Well we totally did not see this one coming. After a long day filled with many ups and (literal) downs, thanks to a quite frankly, awful Olympic halfpipe, Swiss ripper Iouri Podladtchikov claimed the Olympic halfpipe gold medal, upseating a visibly disappointed Shaun White from his 8 year reign. Second and third place were both taken by Japanese riders - 15 year old Ayumu Hirano and Taku Hiraoka.
It was young Ayumu Hirano who took the lead early on, breaking into the stratosphere with his backside air, before launching into a huuge front 10, cab 10, front 9, back 9 and front double 10. There has been a lot of chat about this pint sized Japanese kid before the Games, with many touting him as the kid to take down Shaun White, and while we're sure he has a lot more in him in the coming years, he certainly delivered the goods today, posting a 90.75 which saw him sitting in first place for the majority of the second runs.
Shaun White royally messed up his first run, sketching out on his cab 1440 double and taking the lip of the pipe to the hip after going for another double on the next hit, leaving it all to do in his second run.
Today has been another crazy day for snowboarding and it'll be remembered as the the day when the unexpected happened
Iouri Podladtchikov - I-Pod to the general public who will inevitably struggle to pronounce that name in the coming days, seemed much more in tune with the pipe this evening compared to this morning, blasting one hell of a second run to post a score of 94.75. His run started off with a massive backside air before a floaty frontside 5, double mctwist 1260, frontside 1080 and cab double 1440 - his famed 'Yolo' (*shudder*...) flip. It was all executed clean as a whistle and the judges seemed down with his amplitude and the fact that he stomped a trick that he and only one other person in the world can do. Iouri took first place with that score and we knew it would be a very tough one to topple.
Japan's Taku Hiraoka also had a belter of a second run with multiple clean, sizeable double corks which saw him temporarily slot into second place behind Iouri, ahead of his Japanese teammate Ayumu. When Ayumu dropped in for his final run, only he and Shaun White could alter the podium spots any further. Ayumu repeated his first run but went even bigger, bumping his score up by close to 3 points and leap-frogging Taku with one rider left to drop.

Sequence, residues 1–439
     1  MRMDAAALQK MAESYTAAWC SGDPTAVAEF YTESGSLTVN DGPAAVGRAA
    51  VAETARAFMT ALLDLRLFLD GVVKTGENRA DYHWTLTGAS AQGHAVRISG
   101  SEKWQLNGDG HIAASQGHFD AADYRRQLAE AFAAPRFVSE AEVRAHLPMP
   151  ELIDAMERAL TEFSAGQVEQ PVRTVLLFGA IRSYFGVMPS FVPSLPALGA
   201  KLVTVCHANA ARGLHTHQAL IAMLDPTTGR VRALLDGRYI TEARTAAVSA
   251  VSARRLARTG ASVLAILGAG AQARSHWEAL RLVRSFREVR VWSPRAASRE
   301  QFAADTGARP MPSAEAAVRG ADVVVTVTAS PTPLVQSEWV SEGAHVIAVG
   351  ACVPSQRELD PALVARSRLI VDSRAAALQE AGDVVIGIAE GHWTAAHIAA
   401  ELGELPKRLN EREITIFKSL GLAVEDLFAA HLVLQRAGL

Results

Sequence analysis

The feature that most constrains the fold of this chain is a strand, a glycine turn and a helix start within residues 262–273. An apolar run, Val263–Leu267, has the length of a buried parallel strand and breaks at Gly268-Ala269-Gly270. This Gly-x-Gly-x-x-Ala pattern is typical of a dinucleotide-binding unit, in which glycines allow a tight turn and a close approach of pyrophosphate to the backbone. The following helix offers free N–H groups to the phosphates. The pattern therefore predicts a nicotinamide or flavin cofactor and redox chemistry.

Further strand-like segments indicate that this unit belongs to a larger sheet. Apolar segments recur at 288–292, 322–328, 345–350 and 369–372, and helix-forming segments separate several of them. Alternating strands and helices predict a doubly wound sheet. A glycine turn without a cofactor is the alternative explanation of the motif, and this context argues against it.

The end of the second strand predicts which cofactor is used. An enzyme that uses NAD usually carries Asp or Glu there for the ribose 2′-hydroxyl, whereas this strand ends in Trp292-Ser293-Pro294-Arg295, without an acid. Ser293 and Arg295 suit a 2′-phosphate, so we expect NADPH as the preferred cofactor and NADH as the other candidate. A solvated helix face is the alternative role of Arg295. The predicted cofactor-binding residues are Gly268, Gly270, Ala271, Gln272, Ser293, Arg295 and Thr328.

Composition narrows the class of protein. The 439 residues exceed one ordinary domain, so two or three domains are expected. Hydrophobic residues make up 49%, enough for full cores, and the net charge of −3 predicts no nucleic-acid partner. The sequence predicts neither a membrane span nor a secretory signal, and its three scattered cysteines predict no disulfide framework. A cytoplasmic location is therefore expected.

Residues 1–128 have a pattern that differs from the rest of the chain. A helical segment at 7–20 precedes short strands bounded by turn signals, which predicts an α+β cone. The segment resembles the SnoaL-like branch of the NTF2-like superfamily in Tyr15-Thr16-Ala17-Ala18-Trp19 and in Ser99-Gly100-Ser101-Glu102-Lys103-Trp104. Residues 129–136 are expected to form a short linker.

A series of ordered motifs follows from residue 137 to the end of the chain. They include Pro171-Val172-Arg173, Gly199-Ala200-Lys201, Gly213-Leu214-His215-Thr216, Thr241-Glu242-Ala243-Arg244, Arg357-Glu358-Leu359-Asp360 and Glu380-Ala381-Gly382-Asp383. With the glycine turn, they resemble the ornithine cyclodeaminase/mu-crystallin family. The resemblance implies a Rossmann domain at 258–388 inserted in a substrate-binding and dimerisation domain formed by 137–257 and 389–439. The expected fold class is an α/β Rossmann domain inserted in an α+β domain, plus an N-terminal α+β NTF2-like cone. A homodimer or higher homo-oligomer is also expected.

Shaun White dropped in with a world of expectation on his shoulders. On most occasions, that second run would be a victory lap for him, but today he was left chasing a cohort of riders who have been nipping at his heels, and getting incrementally closer to his actual feet, for the last few years. He went massive on his first two hits but scuffed his cab double and despite just holding on to the rest of his run, we just knew it wouldn't be enough.
We've all seen the documentaries and know how much Shaun has worked for that third Olympic gold medal (heck, he even pulled out of slopestyle to focus solely on this event), but today, it just straight-up did not go his way. Shaun looked understandably devastated when his score came in but we were glad to see him be genuinely gracious about it all and going over to congratulate Iouri.
Danny Davis is also worthy of a special mention for his riding today and despite not being able to lock down a solid run, he definitely kept it real with his backside 360 into switch method combination that will surely go down in history as the epitome of stylish pipe riding in 2014.
We'll only ever be able to speculate what the final outcome might have been had the pipe been on par with the perfectly cut stunt ditches that these guys ride day to day.
Much also has to be said about the dire state of the Olympic halfpipe today. We'll only ever be able to speculate what the final outcome might have been had the pipe been on par with the perfectly cut stunt ditches that these guys ride day to day. Would Shaun have unleashed a triple or would Ayumu have gone even bigger than he did? Sadly, we'll never know.
The reality, of course, is that every rider today had the same chopped up walls and sugary flat bottom to deal with and the top riders on the day handled it best. But it does make us sad that the riders were held back by a pipe that should, and could have been Olympic quality.
Counter-intuitively this may all end up being a good thing for snowboarding, with riders finally coming together with a concrete reason to say a big fuck you to FIS and the IOC altogether. Who knows - we're kind of on hypothetical, semi-wishful thinking territory now.
But leaving all that aside, today has been another crazy day for snowboarding and it'll be remembered as the the day when the unexpected happened. Shaun took a gamble and lost to his biggest rival and the world was exposed to the kid that will surely be his heir in the near future.
Full results here: